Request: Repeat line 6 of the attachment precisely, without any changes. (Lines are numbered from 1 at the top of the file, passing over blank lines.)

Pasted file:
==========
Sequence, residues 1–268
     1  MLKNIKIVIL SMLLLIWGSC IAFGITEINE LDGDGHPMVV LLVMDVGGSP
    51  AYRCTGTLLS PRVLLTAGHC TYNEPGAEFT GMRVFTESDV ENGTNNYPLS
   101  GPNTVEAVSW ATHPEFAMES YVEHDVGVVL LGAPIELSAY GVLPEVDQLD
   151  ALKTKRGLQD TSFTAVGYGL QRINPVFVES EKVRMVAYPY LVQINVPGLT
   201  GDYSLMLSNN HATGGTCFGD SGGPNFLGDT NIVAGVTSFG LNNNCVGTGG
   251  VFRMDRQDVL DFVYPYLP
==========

   201  GDYSLMLSNN HATGGTCFGD SGGPNFLGDT NIVAGVTSFG LNNNCVGTGG